By Brendan Labra, Student Writer

In the coming weekend, Messiah College Lost Films will be showing Just Mercy(2019). The film, based on true events, follows the retrial of Walter McMillian (Jamie Foxx) and his lawyer Bryan Stevenson (Michael B. Jordan).

Just Mercy has been met positively from both audiences and critics and has been praised for its ability to expose the questionable antics of the 1980s Alabama police and justice system. With a compelling plot and tremendous acting, Just Mercy forces the audience to reassess their own prejudices as well as the morality of the death penalty.

True Justice?

The film starts off in a beautiful scene of McMillian working in the woods chopping down trees. McMillian is on his way home from the job when a police officer pulls him over, and quickly and aggressively arrests McMillian. 

From here, we have a time jump and are introduced to Michael B. Jordan’s character, Bryan Stevenson. Stevenson, a recent graduate from Harvard Law School, has plans to move down south and start a corporation with the main objective of  assisting those who have been put on death row. 

This leads to the first meeting between the film’s two main characters. Stevenson and McMillian meet briefly at first as McMillian seems disinterested and tired of pursuing another case. After denying legal assistance McMillian retreats back to his cell on death row.

Stevenson, seemingly unwilling to give up, visits McMillian’s family and tries to communicate his case to them. After meeting with them and doing more research, he firmly believes that there is not a single shred of evidence that should convict McMillian of the crime he has been arrested for. 

After this meeting, Stevenson meets with McMillian again, who is impressed with Stevenson’s commitment. The two decide to work together and begin working towards an appeal.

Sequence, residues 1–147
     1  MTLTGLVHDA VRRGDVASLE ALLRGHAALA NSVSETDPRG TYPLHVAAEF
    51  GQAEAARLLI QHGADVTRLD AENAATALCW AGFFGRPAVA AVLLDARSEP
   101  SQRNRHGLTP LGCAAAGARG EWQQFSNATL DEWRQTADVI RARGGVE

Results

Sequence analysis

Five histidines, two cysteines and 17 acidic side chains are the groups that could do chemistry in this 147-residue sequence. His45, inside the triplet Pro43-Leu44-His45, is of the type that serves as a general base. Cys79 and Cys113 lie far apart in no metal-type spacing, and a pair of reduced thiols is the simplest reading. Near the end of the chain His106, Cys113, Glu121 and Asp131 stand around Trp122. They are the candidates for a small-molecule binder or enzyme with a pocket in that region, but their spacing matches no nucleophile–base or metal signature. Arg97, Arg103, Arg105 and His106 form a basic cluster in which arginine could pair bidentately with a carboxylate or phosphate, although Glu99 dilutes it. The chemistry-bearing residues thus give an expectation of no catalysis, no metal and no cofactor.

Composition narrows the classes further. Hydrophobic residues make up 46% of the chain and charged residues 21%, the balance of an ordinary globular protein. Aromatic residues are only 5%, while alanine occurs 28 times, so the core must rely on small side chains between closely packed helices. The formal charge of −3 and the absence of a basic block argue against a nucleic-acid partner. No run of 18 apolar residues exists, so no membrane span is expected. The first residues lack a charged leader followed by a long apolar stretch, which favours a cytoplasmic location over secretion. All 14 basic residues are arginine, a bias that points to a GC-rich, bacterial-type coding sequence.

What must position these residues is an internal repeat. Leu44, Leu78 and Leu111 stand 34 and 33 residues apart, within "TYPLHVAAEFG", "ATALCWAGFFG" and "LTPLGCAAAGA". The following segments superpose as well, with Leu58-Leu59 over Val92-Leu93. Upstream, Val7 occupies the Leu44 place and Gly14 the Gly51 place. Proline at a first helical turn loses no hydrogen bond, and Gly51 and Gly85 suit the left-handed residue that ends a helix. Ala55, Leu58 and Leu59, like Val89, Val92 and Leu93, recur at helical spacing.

Merciful themes

Just Mercy contains a plethora of important themes that are meant to land uncomfortably with the audience. Firstly, the film focuses a lot on the modern racism of the south. Most white people in the film seem to be struggling with the concept of an African-American lawyer from Harvard. The police officers and jail security also commonly use racial prejudice and even racial slurs at times. 

Another underlying theme of the film that is presented is the morality of the death penalty. While it may seem like it should be an obvious takeaway from the film considering that Stevenson’s job focuses around this concept, the filmmakers do a good job at making this an underlying theme that the audience really has to think about and reflect on. We are introduced to multiple characters that are on death row alongside McMillian. Getting to know these character’s stories and lives humanizes those who are currently on death row. 

Lasting Impression:

Just Mercy is a film that works wonderfully on various levels. It is filled with fantastic performances from Jordan and Foxx as well as from various side characters. The best aspect of the film however is the impression that it leaves on its audience. Don’t miss your chance to go see Just Mercy this weekend at Lost Films.

Just Mercy gets 4/5 stars.